Wednesday, March 9, 2011

Mardi Gras at St. Bernard

Students at St. Bernard Prep School in Cullman were reminded of the meaning and derivation of Mardi Gras Tuesday, at a student assembly.

The Day before Ash Wednesday is called “Fat Tuesday” or Mardi Gras because, as Fr. Joel Martin, principal at the school said, “Fat Tuesday is the last day to enjoy some merriment before the austere season of Lent begins.”

This day is also referred to as “Shrove Tuesday” taken from the word “to shrive” meaning “to have sins removed and forgiven.”

Fr Joel Martin told students that on Mardi Gras (Fat Tuesday) the palms from last year’s Palm Sunday are burned; from them come the ashes to be used the next day, traditionally called “Ash Wednesday.” These palms were burned in a small container in front of the Classroom Building during the school’s student assembly on Tuesday.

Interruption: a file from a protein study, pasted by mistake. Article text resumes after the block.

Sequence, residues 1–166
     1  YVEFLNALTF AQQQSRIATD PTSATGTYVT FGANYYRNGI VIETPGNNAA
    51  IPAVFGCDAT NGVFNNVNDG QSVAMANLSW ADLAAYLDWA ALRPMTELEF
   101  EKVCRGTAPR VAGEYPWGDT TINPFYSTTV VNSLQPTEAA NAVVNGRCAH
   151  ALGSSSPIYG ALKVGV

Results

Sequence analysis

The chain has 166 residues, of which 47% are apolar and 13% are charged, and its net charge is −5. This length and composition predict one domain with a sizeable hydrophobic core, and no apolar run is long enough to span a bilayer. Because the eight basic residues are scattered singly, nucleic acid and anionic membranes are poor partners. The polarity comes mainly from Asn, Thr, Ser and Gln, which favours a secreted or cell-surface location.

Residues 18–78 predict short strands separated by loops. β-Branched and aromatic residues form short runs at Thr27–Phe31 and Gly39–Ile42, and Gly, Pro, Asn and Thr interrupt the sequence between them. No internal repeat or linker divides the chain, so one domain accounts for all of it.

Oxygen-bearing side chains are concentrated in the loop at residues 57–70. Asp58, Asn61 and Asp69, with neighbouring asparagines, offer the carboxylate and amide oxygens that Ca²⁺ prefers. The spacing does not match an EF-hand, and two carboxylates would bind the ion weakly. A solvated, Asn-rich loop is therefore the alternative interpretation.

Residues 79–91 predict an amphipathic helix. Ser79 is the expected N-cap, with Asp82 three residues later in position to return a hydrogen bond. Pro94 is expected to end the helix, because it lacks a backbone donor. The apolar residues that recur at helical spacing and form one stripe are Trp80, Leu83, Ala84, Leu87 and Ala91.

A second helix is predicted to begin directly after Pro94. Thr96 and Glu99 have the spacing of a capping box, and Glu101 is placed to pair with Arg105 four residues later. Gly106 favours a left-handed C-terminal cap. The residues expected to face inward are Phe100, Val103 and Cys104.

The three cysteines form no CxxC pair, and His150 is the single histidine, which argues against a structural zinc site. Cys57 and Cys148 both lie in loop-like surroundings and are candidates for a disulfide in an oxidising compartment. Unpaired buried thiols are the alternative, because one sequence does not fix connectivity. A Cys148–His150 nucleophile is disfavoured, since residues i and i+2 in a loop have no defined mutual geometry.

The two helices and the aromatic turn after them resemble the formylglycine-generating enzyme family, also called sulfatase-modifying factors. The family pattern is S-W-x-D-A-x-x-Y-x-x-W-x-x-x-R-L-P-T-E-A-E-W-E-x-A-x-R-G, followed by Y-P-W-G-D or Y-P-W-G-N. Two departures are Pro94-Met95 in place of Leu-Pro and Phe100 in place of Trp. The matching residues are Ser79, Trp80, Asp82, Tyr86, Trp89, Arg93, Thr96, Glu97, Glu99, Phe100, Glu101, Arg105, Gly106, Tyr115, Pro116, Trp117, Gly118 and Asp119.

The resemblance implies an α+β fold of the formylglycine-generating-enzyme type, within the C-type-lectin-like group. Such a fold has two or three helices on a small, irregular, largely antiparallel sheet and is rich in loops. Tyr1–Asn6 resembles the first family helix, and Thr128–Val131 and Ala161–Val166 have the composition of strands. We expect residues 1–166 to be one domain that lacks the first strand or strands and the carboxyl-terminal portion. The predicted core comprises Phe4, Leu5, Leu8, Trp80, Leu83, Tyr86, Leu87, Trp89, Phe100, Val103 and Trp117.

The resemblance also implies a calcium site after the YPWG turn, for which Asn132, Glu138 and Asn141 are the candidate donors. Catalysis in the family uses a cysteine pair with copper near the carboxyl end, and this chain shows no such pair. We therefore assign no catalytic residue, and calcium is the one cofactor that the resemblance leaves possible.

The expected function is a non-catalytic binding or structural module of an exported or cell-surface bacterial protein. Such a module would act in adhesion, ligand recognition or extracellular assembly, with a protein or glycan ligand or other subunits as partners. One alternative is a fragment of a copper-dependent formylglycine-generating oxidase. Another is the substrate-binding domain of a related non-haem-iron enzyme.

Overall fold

“Now the “ALLELUIA” will be retired,” Fr. Joel said. He explained the Hebrew word “Alleluia,” means “Praise toThe Lord,” and is an expression of joy that is not used during the penitential season of Lent. It is “buried” on Mardi Gras and is
“resurrected” at Easter.

The students’ Mardi Gras celebration was concluded with a performance by the St. Bernard Saints Jazz Ensemble.

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